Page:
The Mulholland Institute Library is a public service
In 2010 the San Fernando Valley (CCD) population stood at 1,749,894, making it the fifth largest identifiable metro "place" in the nation when compared to the top ten U.S. cities. The Valley has a greater populatian than Philadelphia, Phoenix, San Antonio, San Diego, Dallas or San Jose. It comprises 48 percent of the land in the City of Los Angeles, and 45 percent of the population. The City of Los Angeles is bifurcated by the Santa Monica mountain range, which separates its central city area from its valley area to the north.
To the south the city is jurisdictionally connected to the Port of Los Angeles, and to the Wilmington/San Pedro/Harbor City communities, by the slender "Shoestring Addition" of 1911. Most of the Valley was annexed by Los Angeles in 1915, as a means to gain access to Owens Valley water flowing from the newly-constructed Los Angeles Aqueduct. The aqueduct termintated in Sylmar in the northeast valley. As it turned out, the Valley is situated over a huge underground aquifer that the city needed for storage; and the Valley's massive agricultural range stood to benefit greatly from access to more water. The 1915 vote for annexation was 681 to 25.
The San Fernando Valley Census County Division rose out of a movement to better define the Valley area of Los Angeles City and County. The area is geographically distinct, but is made up of several cities and portions of cities including the cities of Burbank, Glendale, San Fernando, Hidden Hills and Calabasas. The Valley is equal in size to seventy percent of the land area of the City of Los Angeles.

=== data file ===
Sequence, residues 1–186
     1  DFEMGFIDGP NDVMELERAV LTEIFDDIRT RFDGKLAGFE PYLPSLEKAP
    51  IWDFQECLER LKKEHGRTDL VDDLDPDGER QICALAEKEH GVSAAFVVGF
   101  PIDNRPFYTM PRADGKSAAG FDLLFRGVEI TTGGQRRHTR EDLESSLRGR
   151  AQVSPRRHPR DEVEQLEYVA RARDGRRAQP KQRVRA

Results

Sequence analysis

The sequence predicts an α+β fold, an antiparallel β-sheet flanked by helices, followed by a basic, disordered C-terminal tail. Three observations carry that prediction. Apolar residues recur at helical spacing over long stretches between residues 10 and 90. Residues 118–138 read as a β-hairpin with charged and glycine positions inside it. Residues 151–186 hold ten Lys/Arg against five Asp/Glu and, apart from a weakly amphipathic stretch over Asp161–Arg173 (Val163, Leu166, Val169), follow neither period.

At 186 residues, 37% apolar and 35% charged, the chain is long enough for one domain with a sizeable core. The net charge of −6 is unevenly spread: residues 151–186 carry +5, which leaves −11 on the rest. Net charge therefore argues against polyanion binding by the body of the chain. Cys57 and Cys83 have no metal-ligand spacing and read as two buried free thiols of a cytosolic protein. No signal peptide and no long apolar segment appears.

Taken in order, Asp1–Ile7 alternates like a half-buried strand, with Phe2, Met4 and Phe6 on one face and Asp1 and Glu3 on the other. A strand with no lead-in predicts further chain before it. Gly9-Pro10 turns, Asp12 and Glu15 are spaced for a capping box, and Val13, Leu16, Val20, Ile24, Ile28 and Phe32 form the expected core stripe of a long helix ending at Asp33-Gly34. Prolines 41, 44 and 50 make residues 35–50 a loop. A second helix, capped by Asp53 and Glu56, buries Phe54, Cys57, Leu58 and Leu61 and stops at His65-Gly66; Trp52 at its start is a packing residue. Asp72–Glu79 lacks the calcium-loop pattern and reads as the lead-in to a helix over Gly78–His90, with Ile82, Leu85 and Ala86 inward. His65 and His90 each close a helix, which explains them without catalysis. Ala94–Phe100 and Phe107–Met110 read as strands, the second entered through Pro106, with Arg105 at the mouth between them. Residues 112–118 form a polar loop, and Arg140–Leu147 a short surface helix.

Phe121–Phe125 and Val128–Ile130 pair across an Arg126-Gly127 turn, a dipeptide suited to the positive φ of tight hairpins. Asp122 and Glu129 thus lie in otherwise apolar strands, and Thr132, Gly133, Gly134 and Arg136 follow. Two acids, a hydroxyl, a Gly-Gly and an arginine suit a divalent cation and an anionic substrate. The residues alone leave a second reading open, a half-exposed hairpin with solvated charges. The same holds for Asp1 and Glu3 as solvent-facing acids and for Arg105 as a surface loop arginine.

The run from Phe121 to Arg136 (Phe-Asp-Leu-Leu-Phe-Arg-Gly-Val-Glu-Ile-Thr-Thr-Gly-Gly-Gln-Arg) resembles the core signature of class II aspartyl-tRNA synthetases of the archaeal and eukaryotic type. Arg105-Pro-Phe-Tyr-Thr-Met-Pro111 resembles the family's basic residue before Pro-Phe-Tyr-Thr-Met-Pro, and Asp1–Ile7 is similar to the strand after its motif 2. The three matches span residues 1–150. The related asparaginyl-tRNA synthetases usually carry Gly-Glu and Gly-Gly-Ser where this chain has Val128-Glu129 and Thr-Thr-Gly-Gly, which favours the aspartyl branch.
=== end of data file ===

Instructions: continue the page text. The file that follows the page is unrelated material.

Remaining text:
Those who helped make this information available
Our thanks go out to the many organizations and government offices who came to our assistance—seeing the importance of better defining this vibrant region. Congressman Brad Sherman and his professional staff member Michael Tou; Professor Dan Blake of Cal State Northridge; Councilmember Wendy Greuel, and the rest of the Los Angeles City Council for their unanimous support; Supervisors Zev Yaroslavsky and Michael Antonovich, and the Los Angeles County Board of Supervisors for their unanimous support; Jamey Christy of the U.S. Census Bureau; the Valley Industry and Commerce Association for sponsoring the original initiative; and the Valley Economic Alliance for helping to see it through, working with our cities and with the Mulholland Institute in the establishment of the San Fernando Valley Council of Governments.
|Ten Largest U.S. Cities - 2010 - Valley Compared|
|City/Metro Area||Population||Area Sq Mi|
|New York NY||8,405,837||302.64|
|Los Angeles CA||3,884,307||468.67|
|San Fernando Valley CA||1,749,894||345.80*|
|San Antonio TX||1,327,558||460.93|
|San Diego CA||1,307,402||325.19|
|San Jose CA||1,197,787||176.53|
|*Includes nominal areas of Los Angeles County outside the boundaries of the City of Los Angeles, including a large portion of Angeles National Forest|